If you find a pigeon that is banded contact your local racing pigeon
club and provide details of the ID number from the band, if possible
so that they can locate the owner of the pigeon. Check your Yellow
Pages for a local pigeon club near you.
Frogs are better not handled. However if they are required to be
handled your hands should be clean and wet. Frog spawn, tadpoles and
frogs should not be moved. For information on frogs contact your
local frog organization for advice such as the Queensland Frog
For information on problems with bees contact your local Bee Keepers
As bandicoots eat lawn grubs and other insect pests, count your
blessings that you will not have to spray for such insects! Remember
that the damage that they do with their holes is only short term.
This behaviour usually only lasts a few weeks during the breeding
season so try to avoid the area that the bird is protecting for this
short time. Try wearing protective clothing and remember that they
are only protecting their family just as we humans would.
Birds flying at windows
This is usually a territorial behaviour as the bird sees its
reflection in the window as a rival. If one window is involved
trying covering it for a short period until the breeding season is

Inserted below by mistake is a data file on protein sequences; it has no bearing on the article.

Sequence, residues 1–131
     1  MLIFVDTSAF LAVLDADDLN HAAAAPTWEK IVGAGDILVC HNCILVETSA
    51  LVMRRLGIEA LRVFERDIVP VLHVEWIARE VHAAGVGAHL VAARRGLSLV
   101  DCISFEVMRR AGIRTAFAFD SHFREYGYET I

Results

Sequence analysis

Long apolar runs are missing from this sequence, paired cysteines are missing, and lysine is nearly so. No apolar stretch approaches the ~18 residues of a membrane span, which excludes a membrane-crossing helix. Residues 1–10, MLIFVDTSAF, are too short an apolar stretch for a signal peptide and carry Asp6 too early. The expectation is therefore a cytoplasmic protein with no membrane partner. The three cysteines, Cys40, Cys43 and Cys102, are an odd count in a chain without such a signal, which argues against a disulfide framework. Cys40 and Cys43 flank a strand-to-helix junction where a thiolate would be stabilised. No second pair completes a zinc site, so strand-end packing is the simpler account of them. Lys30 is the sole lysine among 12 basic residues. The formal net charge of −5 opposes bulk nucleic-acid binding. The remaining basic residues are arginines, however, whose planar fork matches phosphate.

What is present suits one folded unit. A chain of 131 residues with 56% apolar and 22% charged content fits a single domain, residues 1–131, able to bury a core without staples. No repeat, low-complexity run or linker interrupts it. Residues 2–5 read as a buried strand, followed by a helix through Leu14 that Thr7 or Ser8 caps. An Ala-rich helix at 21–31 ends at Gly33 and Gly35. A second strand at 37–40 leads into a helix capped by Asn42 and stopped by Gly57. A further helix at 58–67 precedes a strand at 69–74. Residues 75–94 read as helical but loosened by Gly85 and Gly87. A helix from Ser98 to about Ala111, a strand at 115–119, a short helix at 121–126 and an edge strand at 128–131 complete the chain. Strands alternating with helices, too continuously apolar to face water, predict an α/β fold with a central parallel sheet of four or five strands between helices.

over. Alternatively try placing pot plants or a screen of some sort
in front of the window to deter the bird.
For more information – Flora and Fauna Notes “Problems caused by
birds attacking windows”.
Birds flying into
If the bird is bleeding or has broken bones take it immediately to
your local vet. Otherwise place the bird in a box and keep in a
warm, dark quiet place for a couple of hours. Once the bird has had
time to recover take the box outside and open it, they will usually
fly straight off. If the incident occurs in the afternoon keep the
bird overnight before attempting to release it. If the bird is
still unable to fly take it to your nearest vet or contact your
local wildlife organization.
Ducks in your Pool
Turn off the filtration system or the ducklings will risk being
sucked into it. Provide a ramp or some sort of method so that the
ducks can exit the pool easily. Try providing an alternative water
source such as a fish pond if the ducks keep returning. If you need
to catch the ducks to remove them, remember that you must catch the
mother first or she may take off and then the ducklings will be
orphaned. Ducklings do not have waterproof feathers as the mother
provides the oil for waterproofing, so if they are left wet or in
water they will die of pneumonia. Keep them warm and dry and contact
your local wildlife organisation as soon as possible.
Eggs on the Ground
Some birds lay their eggs on the ground so if you find any eggs, do
not disturb them.
Birds trapped in a
Open all the exits and keep quiet and out of the way and hopefully
the bird will fly out. If the exits are small and inaccessible and
the ceiling is high, the bird may have to be caught which can
sometimes prove to be very difficult. A long handled fishing net may
help or if the bird is a seedeater, seed may entice them to the
ground to enable them to be captured more easily. If the building
is accessible after dark when the birds have gone to roost they are
often more easily caught.
domestic or exotic animals
Contact your local council by referring to your local telephone